No Talent Required Pot Holder Quilt
Remember the nylon potholders you could make on those little weavers? Well, I am making my children quilts out of those, using yard, of course. Not nylon :) Why? Because once upon a time I made my son a Disney's Cars quilt. I did all the geometry and sewed all the triangles and squares together and it took what felt like his entire toddlerhood. The he peed on it, I washed it, and now it is in tiny pieces. And I will just never do that again. . .
Also, being a successful small business owner, I cherish every moment I have with my children. So I wanted to be able to make something for them with them. My daughter is three and has yet to master the loom. But there is a past of this quilt she can do that she enjoys. My six year old son has mastered the loom and enjoys making the squares.
I have put together this tutorial since I have had to adjust the usual way of making the potholders so that we could make them out of yarn.
All you need is one of the potholder looms, a pair of scissors and a latch hook. The latchhook can be purchased separately from those latch hook kits. The loom is in the kids crafts section of any craft store.
First tie a knot around the upper left peg. Then wind the yard around the pegs until
you get to the lower right peg and it looks like this:
Then tie a knot around the upper left peg going in the opposite direction. create a loop and pull the yarn through the vertical yarn FIRST going over ONE then going under two and over two for the rest of the way across until you reach the opposite pegs. Make sure you alternate starting by
going under or over the first one with each new row.
Then wrap the loop around the peg on the opposite side (or right side).
Hold the yarn on the left and pull that row tight.
When you are on the last peg you are not going to go under two over two with a loop like the above rows. You are going to measure one length across with the yarn, cut and then weave under and over with just the end piece that you have cut.
When you get to the end, don't tie a knot around the last peg. Turn the loom and weave the remaining piece under and over until you've reached the end of the yarn.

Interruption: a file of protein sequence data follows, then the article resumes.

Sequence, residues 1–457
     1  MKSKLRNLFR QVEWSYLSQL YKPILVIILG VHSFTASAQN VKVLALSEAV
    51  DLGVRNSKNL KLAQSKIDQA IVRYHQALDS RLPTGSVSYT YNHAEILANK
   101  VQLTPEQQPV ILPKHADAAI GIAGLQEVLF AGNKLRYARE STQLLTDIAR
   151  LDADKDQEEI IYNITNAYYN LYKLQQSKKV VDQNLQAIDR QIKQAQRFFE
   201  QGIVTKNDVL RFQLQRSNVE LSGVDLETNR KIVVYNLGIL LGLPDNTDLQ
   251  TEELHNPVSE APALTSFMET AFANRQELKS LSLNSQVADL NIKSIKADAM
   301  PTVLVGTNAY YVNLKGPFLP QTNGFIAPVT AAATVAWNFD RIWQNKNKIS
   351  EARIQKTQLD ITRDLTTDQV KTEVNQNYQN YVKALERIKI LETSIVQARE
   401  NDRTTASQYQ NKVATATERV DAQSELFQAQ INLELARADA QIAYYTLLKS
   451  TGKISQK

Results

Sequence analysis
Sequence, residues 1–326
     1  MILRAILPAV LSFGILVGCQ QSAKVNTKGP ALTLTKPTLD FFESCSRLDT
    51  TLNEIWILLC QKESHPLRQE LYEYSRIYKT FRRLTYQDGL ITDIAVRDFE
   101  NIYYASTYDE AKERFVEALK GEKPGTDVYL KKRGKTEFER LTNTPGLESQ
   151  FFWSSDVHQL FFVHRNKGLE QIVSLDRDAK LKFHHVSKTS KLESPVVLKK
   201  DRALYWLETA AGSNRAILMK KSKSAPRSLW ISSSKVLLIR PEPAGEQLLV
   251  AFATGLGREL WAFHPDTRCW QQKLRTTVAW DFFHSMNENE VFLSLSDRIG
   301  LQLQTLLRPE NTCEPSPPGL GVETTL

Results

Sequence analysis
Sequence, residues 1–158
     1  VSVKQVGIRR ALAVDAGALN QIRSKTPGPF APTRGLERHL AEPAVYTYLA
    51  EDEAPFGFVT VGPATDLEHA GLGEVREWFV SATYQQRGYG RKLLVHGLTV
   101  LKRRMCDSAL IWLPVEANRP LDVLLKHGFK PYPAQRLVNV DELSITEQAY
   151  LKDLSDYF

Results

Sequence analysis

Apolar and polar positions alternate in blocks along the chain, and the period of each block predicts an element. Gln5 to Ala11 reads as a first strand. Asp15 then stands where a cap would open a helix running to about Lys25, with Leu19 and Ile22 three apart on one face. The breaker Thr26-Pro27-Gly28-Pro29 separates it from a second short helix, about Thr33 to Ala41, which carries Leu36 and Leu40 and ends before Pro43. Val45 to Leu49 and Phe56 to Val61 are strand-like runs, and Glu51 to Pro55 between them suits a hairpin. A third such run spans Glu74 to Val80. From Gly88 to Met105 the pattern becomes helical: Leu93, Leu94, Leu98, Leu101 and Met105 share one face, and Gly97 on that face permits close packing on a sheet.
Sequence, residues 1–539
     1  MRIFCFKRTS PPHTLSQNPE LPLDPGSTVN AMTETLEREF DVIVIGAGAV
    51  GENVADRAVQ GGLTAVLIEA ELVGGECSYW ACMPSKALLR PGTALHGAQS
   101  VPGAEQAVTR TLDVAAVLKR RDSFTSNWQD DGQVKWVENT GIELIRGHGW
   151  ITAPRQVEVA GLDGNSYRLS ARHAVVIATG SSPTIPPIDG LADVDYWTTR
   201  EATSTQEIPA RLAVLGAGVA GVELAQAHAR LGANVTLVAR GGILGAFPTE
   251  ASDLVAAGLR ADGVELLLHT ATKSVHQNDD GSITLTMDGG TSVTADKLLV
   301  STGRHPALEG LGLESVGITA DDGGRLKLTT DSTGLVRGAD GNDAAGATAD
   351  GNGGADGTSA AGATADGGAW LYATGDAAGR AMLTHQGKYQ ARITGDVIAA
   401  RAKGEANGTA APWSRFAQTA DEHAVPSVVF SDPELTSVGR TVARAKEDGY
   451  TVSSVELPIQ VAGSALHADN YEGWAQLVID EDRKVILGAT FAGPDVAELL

Repeat this step with all the knotted corners. Remove the knotted corners, pull them tight, then weave under and over until the loose end is woven into the square.
Each side of the loom should have one empty peg.
To remove the square from the loom, you will start in one corner by removing one loop, put it around your thumb, take off the next loop and put the second loop through the first one around your thumb. Then, put the loop you are still holding between your fingers around your thumb, take the next available loop and stick it through the loop around your thumb. Take the loop between your fingers and put it around your thumb, grab the next available loop and put it through the loop around your thumb. Repeat until the square ahs been completely removed from the loom.
When you get to the last loop weave it through the very first loop you removed from the loom until it is tucked under and hidden.
The edges should look like this when it is removed from the loom.
THEN cut a GAZILLION 3" pieces of yarn.
Put two squares together and connect them with a latch hook. Put the latch hook through the farthest two loops on each square. Take a 3: piece of yarn and wrap it around the neck of the hook.
Wrap the 3" piece of yarn around the hook to the right, then fold it over the neck of the hook to the left so that the bottom part of the hook can close around the yard when you pull it down through the loops. Pull the hook down through the two loops and then pull the two yarn strings tight, if necessary.
Repeat the latch hooking until all the edges are connected. You can then trim the yarn ends from the latch hooked pieces, or you can leave them as they are. My daughter liked that they look like gummy worms, so she didn't want them trimmed. :)
We just started this project today. I will show you the finished product when we are done! Can't wait to show you!!
If you give this project a try, I'd love to see what you make!